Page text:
We know of about 400,000 asteroids, which range in size from a few hundred kilometers to just a few meters. Obviously an asteroid is too small to cover the Sun but because of proximity one will occasionally move directly in front of one of the stars in the night sky and block its light from our view, causing a stellar eclipse or 'occultation'.
And this Thursday, you will get to see one. An asteroid will briefly block out the light from a star as it passes in front. It may be the only asteroid occultation this century observable with the naked eye. Since asteroids move fast, these events typically last just a few seconds and normally the occulted star is so faint the event can only be seen via telescope.
During the night of 8/9 July, however, a star that is visible to the naked eye, Delta Ophiuchi (the fourth-brightest star in the constellation Ophiuchi), will be occulted by asteroid Roma, which has a diameter of about 50 km. This means the occultation will be visible only along a path about 50 km wide, crossing central Europe, Spain and the Canary Islands (details on how to observe this event below).
Star chart showing the sky from central Europe, facing south just before midnight on 8 July 2010. Credits: Credits: ESA, created with Guide 8 by Project Pluto http://www.projectpluto.com
Catching a glimpse of Roma versus Delta Ophiuchi
Since asteroids, with very few exceptions, are too small to be resolved with ground-based telescopes, asteroid occultations are the only direct way of measuring the size of such an object. When several observers record such an event, using video cameras with precise timing, the times when they see the occultation help to measure the shape of the asteroid.
Since we know the speed of the asteroid, the duration of the occultation can be converted directly to a length. This allows scientists to reconstruct the size and shape of the object.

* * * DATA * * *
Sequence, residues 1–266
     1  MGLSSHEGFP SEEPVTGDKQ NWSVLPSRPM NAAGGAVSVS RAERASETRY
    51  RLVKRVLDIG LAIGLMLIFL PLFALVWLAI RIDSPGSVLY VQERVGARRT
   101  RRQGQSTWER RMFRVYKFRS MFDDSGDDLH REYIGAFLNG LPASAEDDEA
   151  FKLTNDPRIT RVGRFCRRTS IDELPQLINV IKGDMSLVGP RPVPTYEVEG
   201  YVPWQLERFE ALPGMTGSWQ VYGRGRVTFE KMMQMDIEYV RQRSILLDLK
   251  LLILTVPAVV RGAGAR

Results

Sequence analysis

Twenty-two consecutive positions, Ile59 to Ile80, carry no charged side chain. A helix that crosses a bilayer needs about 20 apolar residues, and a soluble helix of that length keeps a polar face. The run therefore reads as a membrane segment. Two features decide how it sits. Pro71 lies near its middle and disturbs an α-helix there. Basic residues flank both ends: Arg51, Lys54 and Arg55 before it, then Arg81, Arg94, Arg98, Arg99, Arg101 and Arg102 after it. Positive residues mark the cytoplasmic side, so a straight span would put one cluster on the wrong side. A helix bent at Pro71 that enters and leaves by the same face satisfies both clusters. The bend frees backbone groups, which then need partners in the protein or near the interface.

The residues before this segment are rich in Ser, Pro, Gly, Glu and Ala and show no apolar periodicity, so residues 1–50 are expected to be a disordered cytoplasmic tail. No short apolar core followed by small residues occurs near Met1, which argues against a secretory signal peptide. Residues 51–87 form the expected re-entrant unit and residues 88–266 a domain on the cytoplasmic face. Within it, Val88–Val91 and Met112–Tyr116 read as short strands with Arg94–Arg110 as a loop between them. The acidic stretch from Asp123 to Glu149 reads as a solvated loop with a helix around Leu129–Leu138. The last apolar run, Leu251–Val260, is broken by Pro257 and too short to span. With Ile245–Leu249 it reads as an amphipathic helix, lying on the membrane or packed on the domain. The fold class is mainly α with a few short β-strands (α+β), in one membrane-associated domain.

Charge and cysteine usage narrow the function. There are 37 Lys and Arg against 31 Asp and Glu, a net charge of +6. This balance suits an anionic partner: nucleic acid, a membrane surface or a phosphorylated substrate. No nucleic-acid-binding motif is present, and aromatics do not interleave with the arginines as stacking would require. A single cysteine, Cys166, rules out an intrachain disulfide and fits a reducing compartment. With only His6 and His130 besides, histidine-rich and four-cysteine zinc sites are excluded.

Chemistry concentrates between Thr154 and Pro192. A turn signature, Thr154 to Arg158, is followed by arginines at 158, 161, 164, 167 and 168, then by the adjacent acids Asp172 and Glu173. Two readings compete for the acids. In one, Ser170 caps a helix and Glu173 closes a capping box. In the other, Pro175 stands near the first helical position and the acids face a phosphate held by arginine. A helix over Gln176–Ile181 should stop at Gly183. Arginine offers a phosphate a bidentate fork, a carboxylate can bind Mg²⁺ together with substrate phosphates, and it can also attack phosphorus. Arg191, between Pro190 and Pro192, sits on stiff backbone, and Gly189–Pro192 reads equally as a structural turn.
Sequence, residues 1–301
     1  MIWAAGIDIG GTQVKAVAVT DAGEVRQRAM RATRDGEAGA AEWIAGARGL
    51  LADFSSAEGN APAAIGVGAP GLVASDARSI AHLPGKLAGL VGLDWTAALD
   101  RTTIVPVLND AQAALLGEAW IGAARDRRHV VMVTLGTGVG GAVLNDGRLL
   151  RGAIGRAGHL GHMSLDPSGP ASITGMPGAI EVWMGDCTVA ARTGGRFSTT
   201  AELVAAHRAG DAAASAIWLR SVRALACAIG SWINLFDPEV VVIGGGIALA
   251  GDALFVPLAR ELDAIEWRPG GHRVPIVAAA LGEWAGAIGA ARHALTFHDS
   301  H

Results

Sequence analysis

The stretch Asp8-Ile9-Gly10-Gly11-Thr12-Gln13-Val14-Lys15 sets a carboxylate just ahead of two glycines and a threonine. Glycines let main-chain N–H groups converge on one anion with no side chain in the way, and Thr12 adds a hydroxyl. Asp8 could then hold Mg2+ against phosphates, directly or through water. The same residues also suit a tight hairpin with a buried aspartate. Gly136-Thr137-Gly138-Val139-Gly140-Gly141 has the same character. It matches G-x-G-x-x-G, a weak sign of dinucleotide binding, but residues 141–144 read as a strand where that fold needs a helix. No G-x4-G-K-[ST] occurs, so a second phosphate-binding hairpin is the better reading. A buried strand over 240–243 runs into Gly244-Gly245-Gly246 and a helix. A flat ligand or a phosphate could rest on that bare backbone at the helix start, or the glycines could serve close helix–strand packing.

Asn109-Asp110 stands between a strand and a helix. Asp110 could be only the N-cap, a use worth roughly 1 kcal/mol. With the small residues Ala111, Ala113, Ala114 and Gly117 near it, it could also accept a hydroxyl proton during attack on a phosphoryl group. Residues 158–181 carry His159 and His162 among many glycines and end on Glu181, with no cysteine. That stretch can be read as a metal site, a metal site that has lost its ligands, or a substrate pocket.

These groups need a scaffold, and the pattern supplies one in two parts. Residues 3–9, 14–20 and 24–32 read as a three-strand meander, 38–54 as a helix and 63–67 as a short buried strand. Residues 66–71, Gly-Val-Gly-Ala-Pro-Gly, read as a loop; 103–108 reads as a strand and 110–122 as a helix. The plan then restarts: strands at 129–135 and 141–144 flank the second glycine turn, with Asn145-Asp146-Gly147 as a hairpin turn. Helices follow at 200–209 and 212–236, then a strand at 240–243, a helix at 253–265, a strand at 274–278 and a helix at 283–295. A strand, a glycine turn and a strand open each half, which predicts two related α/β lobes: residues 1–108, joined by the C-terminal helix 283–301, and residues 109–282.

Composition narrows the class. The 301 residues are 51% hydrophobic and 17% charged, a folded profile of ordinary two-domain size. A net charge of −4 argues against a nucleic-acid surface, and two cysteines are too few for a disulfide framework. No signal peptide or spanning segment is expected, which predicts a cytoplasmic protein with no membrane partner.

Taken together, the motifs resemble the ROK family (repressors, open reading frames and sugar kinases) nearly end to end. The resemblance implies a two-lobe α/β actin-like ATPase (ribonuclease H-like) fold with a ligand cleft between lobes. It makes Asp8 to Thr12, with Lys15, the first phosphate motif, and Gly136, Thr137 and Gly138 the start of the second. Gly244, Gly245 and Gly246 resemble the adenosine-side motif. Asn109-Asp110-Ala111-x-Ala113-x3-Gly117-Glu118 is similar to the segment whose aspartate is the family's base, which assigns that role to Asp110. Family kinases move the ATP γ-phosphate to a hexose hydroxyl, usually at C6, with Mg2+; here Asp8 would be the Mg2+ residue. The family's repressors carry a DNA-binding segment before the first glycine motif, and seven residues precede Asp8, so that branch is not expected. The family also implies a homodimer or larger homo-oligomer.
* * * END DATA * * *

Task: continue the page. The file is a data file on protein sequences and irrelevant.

How to observe Roma versus Delta Ophiuchi
21:57 UTC (23:57 CEST)
Just before midnight local time
From central Europe, the constellation Ophiuchus is visible above the southern horizon. The star Delta Ophiuchi will be about half-way between horizon and the zenith.
A star chart showing the constellations can be seen in the image below. During the event, the star will not dim instantaneously, but will dim within around 1 second, and brighten on a similar timescale. This is caused by the apparent diameter of the star, which is too small to be visible even with a telescope but large enough to cause this effect.
- At about 21:57 UT, on Thursday, 8 July (23:57 CEST - just before midnight local time), observers on a line running between Stockholm - Copenhagen - Bremen - Nantes - Bilbao will see the star disappear as its light is blocked by the asteroid; after about 5 seconds it will become visible again.
- To find out how close you live to the occultation line, use the maps generated by the International Occultation Timing Association; to observe the show, make sure that you are on the path of the occultation as visible in the maps.
Note: Check these maps shortly before 8 July, as the prediction may change slightly as updated position data come in.
- Then find the star Delta Ophiuchi - see image below. This shows the night sky as it would be visible from central Germany looking toward the South.
- Identify the constellations. If you are under dark skies (avoid street lamps!) the northern crown (Corona Borealis, shown as 'CrB') should be visible. From there, find your way to Delta Ophiuchi; it is the right-most of a close pair of brighter stars between the Northern Crown and the horizon (for detailed charts, try Steven Preston's web site).
- To perform scientific observations, it is necessary to record the precise time of the event, either using your naked eye or, better yet, with a video camera. For more information, check out some of the web links given at right.